Pribramsky, who only served one four-year term, was a dogged critic of the School District finances at the time and led the charge to overhaul the administration during and following the downfall of then-Superintendent Randy Acevedo and his wife Monique, then the adult education coordinator.
Keynoter editorial, my interjected comments in italics.
Steve Pribramsky the right choice to audit HOB
Posted – Saturday, May 11, 2013 11:01 AM EDT
Superintendent Mark Porter took the advice of School Board member Ed Davidson this week and announced he was hiring a financial auditor to review the troubled Horace O’Bryant Middle School construction process. He made the right choice by tapping Steve Pribramsky.
Pribramsky is a former School Board member who was highly instrumental in bringing down the corrupt Acevedo administration in 2008 and 2009. If not for Pribramsky and current School Board members John Dick and (to a lesser extent) Andy Griffiths, we may not have known the full extent of the graft that went on under Randy Acevedo’s watch.
Andy Griffiths told me that he told State Attorney Dennis Ward about the Acevedos, and that led to all the rest. And, yes, Andy wished it would all go away. But, he did alert Ward.
In the end, we found out that his wife, Monique Acevedo, stole close to a half a million dollars while she was in charge of the School District’s adult education department. She’s in prison – about half-way through an eight-year sentence. Randy Acevedo got off easier. He was only convicted of covering up his wife’s theft and served three-years of probation.
The school district’s finance department head, Kathy Reitzel, blew the whistle on the Acevedos. Kathy testified before the Grand Jury, who indicted both Acevedos. Governor Crist then removed Randy from office and appointed Joe Burke. Kathy’s threatened testimony at trial led to Randy working out a plea deal, which put him on probation. Kathy’s testimony at Monique’s trial got her convicted and put in prison for 8 years. Kathy was Ward’s star witness.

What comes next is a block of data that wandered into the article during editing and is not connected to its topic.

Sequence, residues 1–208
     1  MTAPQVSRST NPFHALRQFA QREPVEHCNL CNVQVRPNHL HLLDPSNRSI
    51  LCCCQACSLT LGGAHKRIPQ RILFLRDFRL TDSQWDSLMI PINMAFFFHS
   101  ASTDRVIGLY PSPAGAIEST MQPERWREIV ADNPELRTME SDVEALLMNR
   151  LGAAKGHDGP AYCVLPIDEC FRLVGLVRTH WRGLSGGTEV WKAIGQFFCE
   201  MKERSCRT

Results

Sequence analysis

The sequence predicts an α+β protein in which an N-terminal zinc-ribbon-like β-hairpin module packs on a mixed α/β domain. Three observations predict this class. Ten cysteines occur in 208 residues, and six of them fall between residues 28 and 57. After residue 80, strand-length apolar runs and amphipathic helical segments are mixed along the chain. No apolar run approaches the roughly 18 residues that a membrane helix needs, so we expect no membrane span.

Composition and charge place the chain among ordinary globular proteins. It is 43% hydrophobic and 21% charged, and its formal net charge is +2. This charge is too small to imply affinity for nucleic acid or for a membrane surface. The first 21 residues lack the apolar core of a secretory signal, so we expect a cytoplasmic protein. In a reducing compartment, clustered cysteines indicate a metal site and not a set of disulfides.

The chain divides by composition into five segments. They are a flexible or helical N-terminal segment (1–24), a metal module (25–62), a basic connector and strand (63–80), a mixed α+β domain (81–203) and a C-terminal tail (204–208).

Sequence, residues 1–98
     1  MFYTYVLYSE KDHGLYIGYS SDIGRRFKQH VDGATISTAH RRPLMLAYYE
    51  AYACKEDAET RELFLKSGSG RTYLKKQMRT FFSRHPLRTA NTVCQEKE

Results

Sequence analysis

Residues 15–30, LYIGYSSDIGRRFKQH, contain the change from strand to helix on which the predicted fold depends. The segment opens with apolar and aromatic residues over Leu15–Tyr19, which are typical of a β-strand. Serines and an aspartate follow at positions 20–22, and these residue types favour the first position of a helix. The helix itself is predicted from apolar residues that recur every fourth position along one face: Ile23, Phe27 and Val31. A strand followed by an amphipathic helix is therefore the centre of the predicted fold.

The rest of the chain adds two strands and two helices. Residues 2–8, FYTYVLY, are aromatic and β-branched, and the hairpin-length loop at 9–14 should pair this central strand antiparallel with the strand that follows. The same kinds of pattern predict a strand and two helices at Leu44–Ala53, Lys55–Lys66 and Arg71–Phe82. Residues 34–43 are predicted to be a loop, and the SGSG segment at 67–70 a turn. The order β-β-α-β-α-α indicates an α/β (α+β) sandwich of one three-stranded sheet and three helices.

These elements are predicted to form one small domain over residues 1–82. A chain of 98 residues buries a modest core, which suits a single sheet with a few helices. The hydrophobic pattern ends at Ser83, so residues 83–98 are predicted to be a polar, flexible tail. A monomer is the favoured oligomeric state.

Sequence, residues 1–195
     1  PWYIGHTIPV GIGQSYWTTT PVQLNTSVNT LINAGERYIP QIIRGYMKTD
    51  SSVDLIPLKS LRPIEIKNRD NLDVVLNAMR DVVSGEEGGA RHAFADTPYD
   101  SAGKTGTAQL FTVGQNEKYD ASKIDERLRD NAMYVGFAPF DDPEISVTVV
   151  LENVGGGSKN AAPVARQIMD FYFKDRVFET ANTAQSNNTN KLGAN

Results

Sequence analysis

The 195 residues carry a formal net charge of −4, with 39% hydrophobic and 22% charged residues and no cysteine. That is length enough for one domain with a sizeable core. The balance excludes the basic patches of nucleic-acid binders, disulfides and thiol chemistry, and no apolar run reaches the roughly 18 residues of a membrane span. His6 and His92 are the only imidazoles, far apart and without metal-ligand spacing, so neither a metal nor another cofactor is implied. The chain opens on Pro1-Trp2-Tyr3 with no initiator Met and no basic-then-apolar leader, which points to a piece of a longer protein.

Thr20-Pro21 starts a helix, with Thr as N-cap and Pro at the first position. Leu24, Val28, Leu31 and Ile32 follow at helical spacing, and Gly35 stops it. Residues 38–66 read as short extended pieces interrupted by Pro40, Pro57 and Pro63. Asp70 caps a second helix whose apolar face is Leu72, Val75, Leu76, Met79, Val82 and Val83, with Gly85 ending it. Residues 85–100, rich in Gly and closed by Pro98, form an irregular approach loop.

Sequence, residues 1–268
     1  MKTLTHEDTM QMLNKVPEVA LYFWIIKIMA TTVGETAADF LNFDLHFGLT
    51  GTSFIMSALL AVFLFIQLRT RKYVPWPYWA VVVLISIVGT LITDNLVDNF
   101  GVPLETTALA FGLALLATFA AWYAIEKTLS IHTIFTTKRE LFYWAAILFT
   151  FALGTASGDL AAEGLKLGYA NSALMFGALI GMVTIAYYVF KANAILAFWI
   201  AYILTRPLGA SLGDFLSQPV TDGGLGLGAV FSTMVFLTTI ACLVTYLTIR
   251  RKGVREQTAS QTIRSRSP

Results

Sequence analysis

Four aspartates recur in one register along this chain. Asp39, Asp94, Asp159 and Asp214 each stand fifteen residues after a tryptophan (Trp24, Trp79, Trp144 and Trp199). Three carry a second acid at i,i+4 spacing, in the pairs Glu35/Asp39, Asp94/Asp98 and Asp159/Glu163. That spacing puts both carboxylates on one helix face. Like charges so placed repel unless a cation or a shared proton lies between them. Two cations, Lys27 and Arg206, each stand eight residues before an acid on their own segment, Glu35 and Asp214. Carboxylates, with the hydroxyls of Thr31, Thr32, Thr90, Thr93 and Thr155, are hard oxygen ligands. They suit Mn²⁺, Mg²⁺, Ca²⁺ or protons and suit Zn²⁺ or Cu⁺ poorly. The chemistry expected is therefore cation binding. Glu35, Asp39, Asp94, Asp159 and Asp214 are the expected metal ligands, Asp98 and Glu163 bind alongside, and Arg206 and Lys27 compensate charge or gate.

For all of which, Kathy was fired by Joe Burke for not blowing the whistle soon enough in an environment known for retaliation. When Kathy being fired came before the school board, Andy Griffiths voted in favor of the firing. Once apprised of what the Acevedos were dong, Andy had to go to Ward, or end up being part of the crime himself. Same problem Kathy faced. The Griffiths Rule, “Praise in public, criticize in private,” is well known in these parts. I wonder if Andy was influenced to vote to fire Kathy because she had forced him to kill The Griffiths Rule.
If you recall those days, there were forces at work within the School District and on the School Board that wanted the story to go away. Please don’t look any further, some asked. Others, entrenched in the corrupt morass and cronyism of the Key West political establishment, were more demanding. When Randy Acevedo was handcuffed, a group of women resembling the Manson family wailed at police as they took him away to be processed.
All the while, Pribramsky persisted in demanding the truth. If he did this from a comfortable perch in the Middle or Upper Keys, it would be less impressive. But at the time, Pribramsky and his family lived in Key West – right in the middle of Conch country.
Steve wasn’t too big on The Griffiths Rule, either. I bet Andy is salivating over Steve auditing HOB.
Pribramsky only sought and served one term. In the meantime, the most egregious corruption that plagued the School District seems to have gone away with the Acevedos and their friends who occupied high-paid administrative positions.